13 April 2011

Breaking Out The Big Gun : Gunners Put M777A2 Howitzer to the Test at Puckapunyal

13 April 2011

M777A2 new 155mm field howitzer for Royal Australian Army (all photos : Australian DoD)

The bombardier's sharp commands precede a deafending boom, shattering a crisp Puckapunyal morning and signalling a new age for the Royal Australian Artillery.

The inaugural firing of the M777A2 155mm Lightweight Towed Howitzer on April 1 was a first for Australian gunners, bringing the ADF a complete joint fires capability.OC New Equipment Training Team Maj.

Pete Wiles said the M777A2 matched the firepower of current generation 155mm towed systems at about half the weight or the M198 it was designed to replace. replace.

"The lighweight design allows the gun to be deployed by fixed wing or rotary aircraft," Maj Wiles said.

"The on-board GPS, inertial navigation system and digital fire-control system allow it to be brought into action more quickly than other towed howitzers.

"The digital tranmission of fire orders and gun data can greatly reduce the possibillity of human error."

The firing was the culmination of the pilot M777A2 operator's course, concluded by the School of Arty's Gininery Training Team (GTT). The three-man team spent six weeks with the US Army training on the gun.

Senior SM Instructor Gunnery WO2 Darrin Free said the US instructors were very experienced, each with more than 20 years in artillery.

The instruction was thorough," W02 Free said.

"It was used as a base for us to develop drills required of an Australian detachment, deploying and using artillery the Australian way,"GTT instructor Bdr Mathew Nunn said it was an eye-opener to work with the US gunners and that exposure was handy for introducing the gun into Australian service."As soon as we got back from the States we went straight into it, writing doctrine and converting US drills into Australian and thinking about how we are going to introduce the gun," Bdr Nunn said.

"It’s been hard work right up to the first course and it’s rewarding to finally get through it and fire the gun.”Bdr Nunn made history as the first qualified Australian artillerymen to fire the M777A2.
"I've only been in the Army four years and to have the rank of bombardier and to be the number one of a now piece of kit, it's quite a privilege," he said.

The decision to replace the current indirect fire support fleet was taken in the 2005 Defence White Paper and confirmed by subsequent white papers. The M777A2 was identified as the ideal solution in 2008.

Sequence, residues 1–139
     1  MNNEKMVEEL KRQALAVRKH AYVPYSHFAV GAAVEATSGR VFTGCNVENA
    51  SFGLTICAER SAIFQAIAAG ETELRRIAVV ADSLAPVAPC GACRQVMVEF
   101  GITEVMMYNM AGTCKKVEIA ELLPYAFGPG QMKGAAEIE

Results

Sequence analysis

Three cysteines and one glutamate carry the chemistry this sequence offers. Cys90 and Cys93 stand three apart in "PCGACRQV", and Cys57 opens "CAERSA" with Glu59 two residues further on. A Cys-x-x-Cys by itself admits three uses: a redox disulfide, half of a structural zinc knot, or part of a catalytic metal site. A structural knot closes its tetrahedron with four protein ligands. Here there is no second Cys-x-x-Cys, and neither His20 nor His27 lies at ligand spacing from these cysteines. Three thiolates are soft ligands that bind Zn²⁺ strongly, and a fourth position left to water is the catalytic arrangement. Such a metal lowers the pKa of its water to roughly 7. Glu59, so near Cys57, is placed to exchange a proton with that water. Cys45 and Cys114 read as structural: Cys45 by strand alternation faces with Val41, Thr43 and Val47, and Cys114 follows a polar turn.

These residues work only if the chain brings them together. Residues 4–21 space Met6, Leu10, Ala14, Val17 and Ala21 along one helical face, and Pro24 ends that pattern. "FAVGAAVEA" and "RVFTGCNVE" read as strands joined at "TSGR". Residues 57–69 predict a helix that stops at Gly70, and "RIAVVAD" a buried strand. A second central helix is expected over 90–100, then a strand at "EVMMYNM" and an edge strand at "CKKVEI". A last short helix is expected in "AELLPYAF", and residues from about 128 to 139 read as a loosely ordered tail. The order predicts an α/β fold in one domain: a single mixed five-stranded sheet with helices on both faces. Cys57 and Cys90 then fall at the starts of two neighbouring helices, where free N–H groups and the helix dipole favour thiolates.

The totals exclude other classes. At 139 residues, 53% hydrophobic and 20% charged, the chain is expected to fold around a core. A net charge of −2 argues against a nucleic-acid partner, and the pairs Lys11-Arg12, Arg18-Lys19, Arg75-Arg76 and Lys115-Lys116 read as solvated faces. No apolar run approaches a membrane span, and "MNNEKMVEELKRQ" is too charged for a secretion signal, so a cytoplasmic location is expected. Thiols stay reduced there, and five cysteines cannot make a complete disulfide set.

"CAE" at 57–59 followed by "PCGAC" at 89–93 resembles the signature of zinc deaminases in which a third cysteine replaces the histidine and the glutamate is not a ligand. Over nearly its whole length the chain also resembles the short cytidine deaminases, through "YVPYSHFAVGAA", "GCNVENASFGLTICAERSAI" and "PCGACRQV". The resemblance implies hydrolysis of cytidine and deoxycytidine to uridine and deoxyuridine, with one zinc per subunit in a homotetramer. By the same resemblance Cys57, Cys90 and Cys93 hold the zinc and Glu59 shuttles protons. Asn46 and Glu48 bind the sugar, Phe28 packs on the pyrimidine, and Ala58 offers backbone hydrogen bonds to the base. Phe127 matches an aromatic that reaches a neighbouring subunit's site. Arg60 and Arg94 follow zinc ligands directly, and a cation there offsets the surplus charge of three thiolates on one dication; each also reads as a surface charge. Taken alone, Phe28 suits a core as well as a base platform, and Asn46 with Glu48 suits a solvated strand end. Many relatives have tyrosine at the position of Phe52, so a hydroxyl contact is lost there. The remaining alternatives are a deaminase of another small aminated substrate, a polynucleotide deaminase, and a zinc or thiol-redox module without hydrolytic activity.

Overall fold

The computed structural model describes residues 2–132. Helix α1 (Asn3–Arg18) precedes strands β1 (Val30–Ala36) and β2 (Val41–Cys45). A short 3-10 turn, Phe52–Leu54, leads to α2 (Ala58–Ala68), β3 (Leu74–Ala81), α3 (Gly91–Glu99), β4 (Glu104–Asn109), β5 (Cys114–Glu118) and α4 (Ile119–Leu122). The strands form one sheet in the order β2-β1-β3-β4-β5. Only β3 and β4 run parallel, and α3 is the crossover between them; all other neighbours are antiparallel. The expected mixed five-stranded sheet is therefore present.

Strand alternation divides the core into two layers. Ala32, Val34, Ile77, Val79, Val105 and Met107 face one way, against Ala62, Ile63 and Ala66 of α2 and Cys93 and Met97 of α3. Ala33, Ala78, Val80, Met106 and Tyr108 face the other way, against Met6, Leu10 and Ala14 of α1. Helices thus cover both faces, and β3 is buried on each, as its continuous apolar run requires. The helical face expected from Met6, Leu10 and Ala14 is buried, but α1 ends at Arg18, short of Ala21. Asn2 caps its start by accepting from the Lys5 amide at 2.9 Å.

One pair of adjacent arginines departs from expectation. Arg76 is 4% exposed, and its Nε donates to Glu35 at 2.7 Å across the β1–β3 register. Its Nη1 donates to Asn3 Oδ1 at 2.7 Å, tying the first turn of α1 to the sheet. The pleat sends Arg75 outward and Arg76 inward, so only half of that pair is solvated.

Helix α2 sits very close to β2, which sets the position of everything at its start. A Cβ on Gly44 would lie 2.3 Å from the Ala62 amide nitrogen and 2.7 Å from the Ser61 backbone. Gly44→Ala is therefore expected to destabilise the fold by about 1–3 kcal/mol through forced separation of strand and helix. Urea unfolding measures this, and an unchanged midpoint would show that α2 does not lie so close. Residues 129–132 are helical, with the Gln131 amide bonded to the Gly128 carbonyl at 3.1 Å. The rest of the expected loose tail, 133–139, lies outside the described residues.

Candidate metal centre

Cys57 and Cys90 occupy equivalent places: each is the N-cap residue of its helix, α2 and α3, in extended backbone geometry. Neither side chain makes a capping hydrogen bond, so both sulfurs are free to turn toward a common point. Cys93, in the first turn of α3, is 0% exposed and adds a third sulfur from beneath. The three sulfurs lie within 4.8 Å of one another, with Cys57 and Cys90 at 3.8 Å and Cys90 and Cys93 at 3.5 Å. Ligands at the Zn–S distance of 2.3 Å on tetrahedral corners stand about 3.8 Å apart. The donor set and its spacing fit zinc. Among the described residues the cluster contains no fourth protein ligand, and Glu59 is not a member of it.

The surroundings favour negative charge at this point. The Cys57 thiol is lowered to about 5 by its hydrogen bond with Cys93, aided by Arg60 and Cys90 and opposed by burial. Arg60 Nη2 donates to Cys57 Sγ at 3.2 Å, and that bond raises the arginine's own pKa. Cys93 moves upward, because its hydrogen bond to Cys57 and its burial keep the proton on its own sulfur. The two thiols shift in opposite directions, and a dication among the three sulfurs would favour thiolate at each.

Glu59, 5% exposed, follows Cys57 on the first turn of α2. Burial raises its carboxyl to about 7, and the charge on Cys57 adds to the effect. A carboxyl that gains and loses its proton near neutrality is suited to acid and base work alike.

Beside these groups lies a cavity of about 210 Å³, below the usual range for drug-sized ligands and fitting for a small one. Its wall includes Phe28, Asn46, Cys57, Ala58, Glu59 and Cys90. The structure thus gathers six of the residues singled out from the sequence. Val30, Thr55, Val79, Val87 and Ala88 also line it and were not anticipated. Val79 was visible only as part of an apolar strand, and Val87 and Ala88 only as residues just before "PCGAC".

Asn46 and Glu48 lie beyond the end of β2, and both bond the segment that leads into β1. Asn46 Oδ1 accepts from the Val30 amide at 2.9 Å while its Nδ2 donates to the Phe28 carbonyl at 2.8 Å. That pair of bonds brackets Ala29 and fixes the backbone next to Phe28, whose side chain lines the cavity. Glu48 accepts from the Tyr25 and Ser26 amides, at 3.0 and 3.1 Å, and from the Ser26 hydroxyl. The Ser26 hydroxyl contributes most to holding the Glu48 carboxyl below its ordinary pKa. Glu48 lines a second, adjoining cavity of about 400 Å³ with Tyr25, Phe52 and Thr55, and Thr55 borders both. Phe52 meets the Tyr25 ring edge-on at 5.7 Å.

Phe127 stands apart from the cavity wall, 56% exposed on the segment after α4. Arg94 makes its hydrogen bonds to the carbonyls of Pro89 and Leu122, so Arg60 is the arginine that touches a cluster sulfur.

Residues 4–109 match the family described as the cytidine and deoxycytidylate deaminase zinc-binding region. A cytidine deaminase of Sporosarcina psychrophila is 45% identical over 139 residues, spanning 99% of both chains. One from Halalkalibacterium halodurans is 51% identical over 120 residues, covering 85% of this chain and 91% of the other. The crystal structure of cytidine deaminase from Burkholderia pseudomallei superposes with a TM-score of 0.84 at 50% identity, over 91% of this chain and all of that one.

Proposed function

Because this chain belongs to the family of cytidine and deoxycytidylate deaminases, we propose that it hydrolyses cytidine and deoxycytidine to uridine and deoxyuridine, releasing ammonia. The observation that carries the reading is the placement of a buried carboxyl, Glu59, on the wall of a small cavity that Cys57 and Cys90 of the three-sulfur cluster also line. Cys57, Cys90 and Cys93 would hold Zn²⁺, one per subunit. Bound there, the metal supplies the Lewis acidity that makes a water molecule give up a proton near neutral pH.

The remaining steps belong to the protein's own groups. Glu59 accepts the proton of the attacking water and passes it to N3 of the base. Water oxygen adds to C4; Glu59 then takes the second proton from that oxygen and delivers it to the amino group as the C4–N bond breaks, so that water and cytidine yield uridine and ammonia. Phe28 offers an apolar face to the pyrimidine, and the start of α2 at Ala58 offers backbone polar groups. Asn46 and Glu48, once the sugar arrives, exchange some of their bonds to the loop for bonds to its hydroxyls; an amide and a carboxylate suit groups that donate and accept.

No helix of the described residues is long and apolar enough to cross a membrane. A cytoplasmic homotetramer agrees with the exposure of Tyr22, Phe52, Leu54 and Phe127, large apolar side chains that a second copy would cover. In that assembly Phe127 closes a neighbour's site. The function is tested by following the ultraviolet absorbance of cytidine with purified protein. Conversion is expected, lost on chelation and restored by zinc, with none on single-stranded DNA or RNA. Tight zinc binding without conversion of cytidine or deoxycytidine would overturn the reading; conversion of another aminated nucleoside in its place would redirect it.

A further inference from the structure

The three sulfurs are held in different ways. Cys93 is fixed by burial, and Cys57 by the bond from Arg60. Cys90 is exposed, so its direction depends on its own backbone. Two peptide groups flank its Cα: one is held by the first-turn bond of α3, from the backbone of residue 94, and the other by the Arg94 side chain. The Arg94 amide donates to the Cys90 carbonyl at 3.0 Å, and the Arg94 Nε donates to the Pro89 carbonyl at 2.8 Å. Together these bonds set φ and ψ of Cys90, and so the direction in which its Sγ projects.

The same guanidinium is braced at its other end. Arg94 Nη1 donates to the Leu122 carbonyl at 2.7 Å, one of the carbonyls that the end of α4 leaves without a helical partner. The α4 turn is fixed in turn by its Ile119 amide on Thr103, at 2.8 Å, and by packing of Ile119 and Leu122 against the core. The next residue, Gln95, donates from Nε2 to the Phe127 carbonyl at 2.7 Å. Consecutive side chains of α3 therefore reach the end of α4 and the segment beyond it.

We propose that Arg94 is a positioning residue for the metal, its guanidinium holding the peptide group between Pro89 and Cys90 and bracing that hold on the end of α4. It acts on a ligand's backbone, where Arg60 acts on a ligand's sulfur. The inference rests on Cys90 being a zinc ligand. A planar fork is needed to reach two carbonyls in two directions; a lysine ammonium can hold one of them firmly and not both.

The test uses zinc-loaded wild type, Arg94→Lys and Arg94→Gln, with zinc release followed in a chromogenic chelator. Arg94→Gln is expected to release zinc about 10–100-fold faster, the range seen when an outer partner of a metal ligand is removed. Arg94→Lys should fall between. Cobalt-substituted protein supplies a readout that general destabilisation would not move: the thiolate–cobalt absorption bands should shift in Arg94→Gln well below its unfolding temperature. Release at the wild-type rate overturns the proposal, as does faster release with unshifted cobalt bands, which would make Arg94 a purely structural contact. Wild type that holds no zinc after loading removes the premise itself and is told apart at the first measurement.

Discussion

In 2009 the government decided to further enhance the indirect combat power available to the Army's combined-arms teams with the acquisition of new 155mm artillery system able to fireprecision munitions at very long ranges with high rates of fire.

Combined Arms Training Centre Commandant Col Sean Ryan said the Army had moved into the 21st century in terms of combat power.

He said a person on the forward edge of the battle could give data to the gun almost instantly, gaining the protection of indirect fire sooner.Col Ryan mid when combined with other state-of-the-art technology such as the Excalibur round and the computer-based Advanced Field Artillery Tactical Data System (AFATDS), the M777A2 provided Australia with a capability that would lead it into the future.

He said with the AFATDS "capacity to link, into Air Force and Navy systems, we're now truly got a joint-fires capability for the ADF."Some trainees from the first Course on the gun will work with the GTT as required to develop and deliver training to other instructors from the School of Arty and the regiment s of the RAA.

WO2 Free said the qualified soldiers would also help the GTT train other soldiers from 53 Btyand instruct initial employment training courses within Joint Fires Wing.

“Overall we have achieved the aim of the course, but there is a little bit of room for improvement," he said."It's very early days for the gun so we're still learning as we go, getting better every day.”


THE M777A2 is capable of firing four rounds per minute for two minutes, then two rounds per minute sustained.

At 4500kg, the M777A2 is about half the weight and is smaller than the M198 it is designed to replace, without sacrificing the range, stability, accuracy or durability.

The M777A2 is currently in service with the Australian Army, US Marine Corps, US Army and Canadian Forces.

Effective range is 24km with standard 155mm ammunition, 30km with Rocket Assisted Projectiles and up to 40km with Excalibur precision guided projectiles.

The Excalibur precision guided projectile is a precise GPS-guided munition capable of being used in close support situations with friendy units.

(The Australian Army Magazine)

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